In the magical underworld of Victorian London, Tessa Gray finds her heart drawn more and more to JemRead Review
The kingdom of Goredd is populated by humans and by dragons who fold themselves into a human form. Though they live alongside each other, the peace between them is uneasy.
But when a member of the royal family is murdered, and the crime appears to have been committed by a dragon the peace and treaty between both worlds is seriously threatened . . .
Into this comes Seraphina, a gifted musician who joins the royal court as the assistant to the court composer. She is soon drawn into the murder investigation and, as she uncovers hints of a sinister plot to destroy the peace in Goredd for good, finds herself caught desperately in the middle of the tension.
For Seraphina hides a secret - the secret behind her musical gift - and if she is found out, her life is in serious danger . . .
The novel “Seraphina” is one of the best books of all time that I have read throughout my existence. “Seraphina” written by Rachel Hartman contains many original literature themes, which makes this book stand out above others.
Some of these unique themes which makes this book different and stupendous is the connection of the story between the genres, Fantasy and adventure. The author has incorporated a new spin off of the relationships between dragons and humans. There is also the invention of new languages, places, species of animals, religions, and other subjects.
The use of vocabulary and language inside “Seraphina” is much higher than most books that I have read, using a number of words which I would estimate to be of an adult reading level.
Rachel Hartman has made well researched notes and incorporated such facts and information inside “Seraphina”, which is similar to the time period that is being created as well as our time period back then. The illustrations/artwork that has been used on the front of “Seraphina” interests’ readers, as it is different to the usual cover of novels. It also matches the time period of ‘Medieval’ which is being created.
This book is rather average is size, though it may take a little longer to read, as the vocabulary used is much more advanced, then what is usually available. I recommend this book to readers of in year 11 and 12, and younger readers with an exceptional vocabulary standard.
Overall I loved this book because the storyline and adventure was interesting, as well as the complicated links between all of the topics which made you recall information as you read. I rate this novel a 9/10.
This book... Very occasionally there are books that are just an absolute pleasure to read, and Seraphina was one of these. Everything was just executed in a way that felt fresh and original, and this novel is utterly deserving of the high praise it has received.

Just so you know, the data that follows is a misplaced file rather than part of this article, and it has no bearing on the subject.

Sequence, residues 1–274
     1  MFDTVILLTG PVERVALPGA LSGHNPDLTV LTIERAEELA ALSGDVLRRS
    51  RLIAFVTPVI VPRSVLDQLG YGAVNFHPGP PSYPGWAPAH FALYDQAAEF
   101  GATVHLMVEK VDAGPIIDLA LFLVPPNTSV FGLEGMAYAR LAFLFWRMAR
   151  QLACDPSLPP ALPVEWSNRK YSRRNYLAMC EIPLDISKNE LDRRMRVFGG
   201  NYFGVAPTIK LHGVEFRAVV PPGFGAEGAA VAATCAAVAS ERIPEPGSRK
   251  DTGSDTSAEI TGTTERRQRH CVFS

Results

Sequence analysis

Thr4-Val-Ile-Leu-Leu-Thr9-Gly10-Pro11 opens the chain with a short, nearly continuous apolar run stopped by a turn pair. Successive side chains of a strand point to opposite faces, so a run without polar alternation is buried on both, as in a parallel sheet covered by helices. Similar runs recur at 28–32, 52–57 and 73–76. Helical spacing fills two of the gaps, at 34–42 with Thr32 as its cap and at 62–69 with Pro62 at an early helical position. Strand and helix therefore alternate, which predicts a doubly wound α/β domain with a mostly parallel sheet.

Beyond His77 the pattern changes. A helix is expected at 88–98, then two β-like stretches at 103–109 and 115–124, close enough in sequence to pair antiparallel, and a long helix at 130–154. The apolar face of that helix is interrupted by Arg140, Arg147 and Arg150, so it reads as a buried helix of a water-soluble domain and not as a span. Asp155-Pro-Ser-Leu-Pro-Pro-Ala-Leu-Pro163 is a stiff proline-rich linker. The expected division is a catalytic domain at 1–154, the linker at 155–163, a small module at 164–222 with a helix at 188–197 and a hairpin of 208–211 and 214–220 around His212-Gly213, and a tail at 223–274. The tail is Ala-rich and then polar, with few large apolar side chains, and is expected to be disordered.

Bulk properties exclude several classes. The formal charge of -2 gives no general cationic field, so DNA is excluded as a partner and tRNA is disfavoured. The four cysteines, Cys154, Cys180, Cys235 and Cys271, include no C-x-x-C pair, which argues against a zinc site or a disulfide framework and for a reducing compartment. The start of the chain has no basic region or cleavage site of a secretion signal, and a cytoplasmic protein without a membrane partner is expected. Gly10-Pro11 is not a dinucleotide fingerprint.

I'll admit that I had concerns before reading Seraphina. I had sort of gone off high fantasy and dragons after reading a couple of less than awe-inspiring examples of the genre, even though a few years ago it was probably my favourite. I was worried that this novel would be unrealistic and disappointed, but after hearing a number of good reviews of it, when I did begin reading I was cautiously optimistic. The story took a little while to really get going, but once it did, I was completely drawn into the world that Rachel Hartman has created.
It was just a very enjoyable book - something that is very well suited to snuggling up with on a cold winter's day. That's not to say that Seraphina wasn't an intelligent book, because it really was quite profound with a lot of depth to its worldbuilding and characters, but it was done in a way that wasn't obscure. It's kind of difficult to explain the effect this book had on me, because it wasn't so much addictive as just comforting. I think I was in need of reading fantasy, and this book completely fit the bill.
As a main character, Seraphina was brilliant. Intelligent, brave, kind and occasionally temperamental, she was a rounded and layered character who felt realistic and unique. She had flaws and doubts, but also a wonderful strength that made her an excellent protagonist. As for the lovely Kiggs, I was stoked to see that he was equally well developed. He was quite dashing, I'll admit, but he didn't fall into the trap of beingtotally idealised and 'perfect'. He seemed like a really great person, and as a character he earned my admiration. The relationship between he and Seraphina was unhurried and well developed - and extremely natural. I loved that it didn't feel engineered to please an audience, and the author considered the characters' world and the implications of that on their relationship.
I'm going to keep talking about the characters, because I was so impressed by Rachel Hartman's characterisation was just completely stunning. I had an absolute soft spot for Orma, whose devotion to Seraphina was utterly adorable. The character I was most impressed with, however, was Glisselda, Goredd's princess, and the finacée of Kiggs. She could have so easily been weak and flighty, or snobbish and an adversary to Seraphina, but she didn't fall into any such clichés, and was one of my favourite characters. In some ways, she reminds me of Glinda in Wicked, however less superficial and with more of a backbone. Selda was sweet and caring, innocent but brave, and I adored her.
A shout-out has to go to the dragons of Seraphina. They were definitely creative, and original, however felt extrememly loyal to the more traditional kinds of dragons. They were a marvellous reimagining.
Just stunning. From world-building (which I haven't mentioned as much as it deserves) to characterisation to just the writing in general, Seraphina is a wonderful example of high-fantasy being pulled off. I can't wait for the sequel.